Convicted murderer Russell Williams is defending himself against a $7.3-million lawsuit launched by one of his surviving sexual assault victims.
He is also asking that former neighbour Laurie Massicotte pay for his legal bills to fight her lawsuit.
His filing of a defence means Massicotte now has to prove her claims of pain and suffering.
In her claim, Massicotte said an attack on her by the former air force colonel has driven her to alcohol abuse, depression, suicide attempts and a wide range of emotional and mental distress.
Williams admits in his court documents to breaking into her home and sexually assaulting her — but denies any knowledge of the long-term consequences of his attack.
The papers were filed last month in court in Belleville, Ont.
Ex-colonel serving life in prison
The former commander of Canada's largest military airfield is serving a sentence of life in prison, already having admitted to a string of fetish raids and break-ins in Ottawa and Tweed, Ont., that escalated to late-night break-ins and sexual assaults on Massicotte and another woman who is being referred to in court proceedings as "Jane Doe."
He also admitted to sexually attacking and murdering Marie-France Comeau, 37, of Brighton, Ont., in November 2009 and Jessica Lloyd, 27, of Belleville, Ont., in January 2010.
Lloyd's family, Massicotte and Doe, whose real name is protected by a court-ordered publication ban, are all suing Williams and his estranged wife Mary Elizabeth Harriman.
Doe and the Lloyd family have been negotiating quietly behind the scenes to settle their financial claims against Williams and his wife, who are in the midst of a divorce.
Massicotte, who in her lawsuit documents is described as deeply troubled, has refused to participate in those negotiations.
She has gone through a string of legal representatives and currently doesn't have a lawyer representing her.
Her suit goes beyond claims against her attacker. She also seeks damages from the police and Crown, whom she alleges failed to alert her about a string of break-ins in her community before Williams attacked her.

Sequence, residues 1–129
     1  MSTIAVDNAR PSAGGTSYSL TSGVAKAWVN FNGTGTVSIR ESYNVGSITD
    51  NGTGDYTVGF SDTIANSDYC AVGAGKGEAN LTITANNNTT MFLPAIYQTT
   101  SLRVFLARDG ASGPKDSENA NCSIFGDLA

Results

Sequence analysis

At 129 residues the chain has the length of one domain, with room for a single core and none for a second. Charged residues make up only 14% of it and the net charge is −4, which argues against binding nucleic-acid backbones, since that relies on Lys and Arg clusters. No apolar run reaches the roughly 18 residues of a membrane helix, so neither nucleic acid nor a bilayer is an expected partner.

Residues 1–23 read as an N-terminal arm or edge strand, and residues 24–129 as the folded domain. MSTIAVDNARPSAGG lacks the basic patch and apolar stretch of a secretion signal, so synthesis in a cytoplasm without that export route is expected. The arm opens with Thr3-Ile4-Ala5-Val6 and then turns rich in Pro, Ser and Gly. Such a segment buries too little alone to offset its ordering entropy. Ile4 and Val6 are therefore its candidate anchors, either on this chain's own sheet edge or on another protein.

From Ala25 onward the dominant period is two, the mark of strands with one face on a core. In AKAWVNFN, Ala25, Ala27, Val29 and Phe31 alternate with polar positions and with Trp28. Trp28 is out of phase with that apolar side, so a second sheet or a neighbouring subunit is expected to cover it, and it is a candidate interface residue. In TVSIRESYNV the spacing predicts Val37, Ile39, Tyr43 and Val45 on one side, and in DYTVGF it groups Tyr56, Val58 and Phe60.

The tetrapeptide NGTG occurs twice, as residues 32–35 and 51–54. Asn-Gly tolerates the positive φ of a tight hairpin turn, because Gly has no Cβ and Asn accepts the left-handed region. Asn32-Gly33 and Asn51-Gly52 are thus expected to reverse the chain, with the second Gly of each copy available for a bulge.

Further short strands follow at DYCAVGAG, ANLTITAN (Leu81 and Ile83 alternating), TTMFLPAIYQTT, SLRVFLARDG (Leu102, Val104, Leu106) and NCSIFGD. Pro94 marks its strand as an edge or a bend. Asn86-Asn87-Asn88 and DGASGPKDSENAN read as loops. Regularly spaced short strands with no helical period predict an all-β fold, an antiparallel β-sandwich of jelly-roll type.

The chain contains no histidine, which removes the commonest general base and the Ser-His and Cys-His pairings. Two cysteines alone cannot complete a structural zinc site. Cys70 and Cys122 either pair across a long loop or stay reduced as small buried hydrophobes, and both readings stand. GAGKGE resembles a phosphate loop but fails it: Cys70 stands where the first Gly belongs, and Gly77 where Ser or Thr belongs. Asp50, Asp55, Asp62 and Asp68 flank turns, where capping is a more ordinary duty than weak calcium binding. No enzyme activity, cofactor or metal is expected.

Massicotte's suit on behalf of herself and her three children — and its varied claims against police — has been holding up Williams and Harriman from reaching settlements with the other victims.
Massicotte told CBC News that lawyers for Harriman offered to settle her claim in exchange for $75,000 and a commitment that she would drop her claims against police.
Massicotte refused, and said that recently she has been working to compile a set of claims against the Crown and police alleging a large conspiracy in the murder investigation. However, she's offered no proof .
In an email Thursday, Massicotte told CBC News: "I'm at a huge loss right now."
She refused a request for an in-person interview to discuss Williams's statement of defence.
Province denies responsibility
In the document, Williams also denies Massicotte's claim that just weeks after his arrest in February 2010, he fraudulently tried to transfer title of his marital property and other assets to Harriman in a bid to shield her from civil liability for his crimes.
Harriman has vigorously denied the claim in a previously filed statement of defence. She has also denied the same claim made by another of Williams's victims, who has also filed a lawsuit against the couple over the asset transfers.
In his statement of defence, Williams denies the conveyance was fraudulent, saying it was made in good faith to provide Harriman with financial security.
The province recently filed its statement of defence, denying it had a duty to warn Massicotte in the circumstances of the case.
"Ontario recognizes the extremely distressing experience that Ms. Massicotte endured as one of Williams' victims," the province says in the statement of defence.
"Ontario is committed to the prevention of crime and to the apprehension and prosecution of the perpetrators of crime."
Like Williams, the province is asking that the lawsuit against it be dismissed with costs, which would leave Massicotte on the hook for the defendants' legal bills.
None of the allegations in Massicotte's lawsuit have been tested in court.
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